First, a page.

Feierliche Klänge zur Inka Prozession (Kantu), fröhliche Melodien und Rhythmen aus der Ajawasi, einer Taverne, in der Maisschnaps ausgeschenkt wird. Inkuyo - hier als Trio Vargas, Darington und Zamalloa - führt uns über ein breites Spektrum der Stimmungen und Feste zu alten Tempeln, heiligen Flüssen und Kultstätten.
Imagine the haunting sounds of the wind blowing through the altiplano, the highlands of the Andes Mountains, and you will hear the sounds the ancient Incas tried to create in their music. The call of the panpipes echoing each other, the plaintive cries of the wooden bass flutesthese sounds evoked, and still evoke, the windswept, unchanging highlands of South America. Inkuyo, the Americanbased ensemble devoted to ancient and contemporary Andean music, uses dozens of traditional flutes, whistles, and pipes, as well as traditional percussion and strings, to capture the spirit of Andean music.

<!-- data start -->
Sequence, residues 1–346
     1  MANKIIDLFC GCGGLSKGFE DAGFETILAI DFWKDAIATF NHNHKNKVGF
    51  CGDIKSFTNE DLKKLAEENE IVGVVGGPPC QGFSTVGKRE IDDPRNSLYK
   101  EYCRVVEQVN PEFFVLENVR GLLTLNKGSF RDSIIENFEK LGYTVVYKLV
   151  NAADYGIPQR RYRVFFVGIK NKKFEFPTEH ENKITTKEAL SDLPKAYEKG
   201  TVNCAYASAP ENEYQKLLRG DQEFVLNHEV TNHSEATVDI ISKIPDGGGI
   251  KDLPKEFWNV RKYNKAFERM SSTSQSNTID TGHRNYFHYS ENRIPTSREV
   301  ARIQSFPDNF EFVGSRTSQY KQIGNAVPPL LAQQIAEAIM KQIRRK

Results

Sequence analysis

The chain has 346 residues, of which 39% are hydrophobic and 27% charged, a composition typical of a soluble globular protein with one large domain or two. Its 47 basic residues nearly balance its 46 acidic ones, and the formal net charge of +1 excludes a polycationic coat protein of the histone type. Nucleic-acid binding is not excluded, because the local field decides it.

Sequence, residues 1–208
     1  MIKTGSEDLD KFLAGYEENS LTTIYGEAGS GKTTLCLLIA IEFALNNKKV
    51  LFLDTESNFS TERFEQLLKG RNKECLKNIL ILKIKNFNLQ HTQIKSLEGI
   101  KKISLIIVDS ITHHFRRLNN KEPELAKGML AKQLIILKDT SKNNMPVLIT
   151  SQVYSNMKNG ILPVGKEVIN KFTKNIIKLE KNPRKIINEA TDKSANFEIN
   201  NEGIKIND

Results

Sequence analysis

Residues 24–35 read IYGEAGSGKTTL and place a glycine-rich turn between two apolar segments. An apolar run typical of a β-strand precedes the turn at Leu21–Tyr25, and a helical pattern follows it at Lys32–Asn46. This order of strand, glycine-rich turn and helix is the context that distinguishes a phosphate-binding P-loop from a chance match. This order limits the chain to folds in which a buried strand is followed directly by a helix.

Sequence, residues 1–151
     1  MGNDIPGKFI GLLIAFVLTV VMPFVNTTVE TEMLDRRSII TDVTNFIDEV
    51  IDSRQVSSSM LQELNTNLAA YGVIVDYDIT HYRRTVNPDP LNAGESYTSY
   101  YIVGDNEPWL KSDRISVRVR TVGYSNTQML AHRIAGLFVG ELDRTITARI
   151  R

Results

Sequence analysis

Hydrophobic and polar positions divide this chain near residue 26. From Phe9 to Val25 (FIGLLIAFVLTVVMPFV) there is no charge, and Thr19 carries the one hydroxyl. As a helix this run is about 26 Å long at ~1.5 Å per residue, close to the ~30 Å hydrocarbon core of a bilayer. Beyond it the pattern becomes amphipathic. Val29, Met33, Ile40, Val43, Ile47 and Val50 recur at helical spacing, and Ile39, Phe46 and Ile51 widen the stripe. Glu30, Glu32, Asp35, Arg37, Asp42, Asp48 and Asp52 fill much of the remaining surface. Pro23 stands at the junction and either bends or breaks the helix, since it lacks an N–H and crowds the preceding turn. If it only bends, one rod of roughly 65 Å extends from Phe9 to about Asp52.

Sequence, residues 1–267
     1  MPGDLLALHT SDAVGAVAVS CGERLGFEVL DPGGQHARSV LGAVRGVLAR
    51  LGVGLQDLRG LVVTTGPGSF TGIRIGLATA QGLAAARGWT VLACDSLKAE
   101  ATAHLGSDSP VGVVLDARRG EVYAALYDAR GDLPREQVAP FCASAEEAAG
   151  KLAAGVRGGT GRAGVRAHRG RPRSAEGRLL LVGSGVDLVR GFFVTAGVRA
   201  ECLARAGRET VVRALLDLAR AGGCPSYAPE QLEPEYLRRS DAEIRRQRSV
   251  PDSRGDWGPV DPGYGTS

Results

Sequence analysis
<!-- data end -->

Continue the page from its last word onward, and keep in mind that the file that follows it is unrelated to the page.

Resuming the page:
Art from Sacred Landscapes, like Inkuyo's last recording, The DoubleHeaded Serpent (13070), combines traditional Andean works with new compositions, all drawn from Incan tales and places. Most are instrumental featuring the sounds of the sikus (panpipes), the quena and antara (flutes), the charango (armadilloshelled mandolin), and guitar. There are also two songs sung in Quechua, the language of the Incas which has never completely disappeared from the remote Andean heights.
While Andean music has become increasingly popular
on the international scene, there are few ensembles that can match
Inkuyo's expertise, research, and range of music. From the solemn,
majestic sounds of the Kantu (an Inca processional march),
to the festive Ajawasi (a kind of Andean tavern that
serves corn liquor), Inkuyo presents a broad spectrum of moods and
styles. All bear the timeless sound that characterizes Andean musicthough
not all are 500 years old. Many are new works written in the Andean
tradition by Inkuyo's
Inkuyo is a trio: American multi-instrumentalist,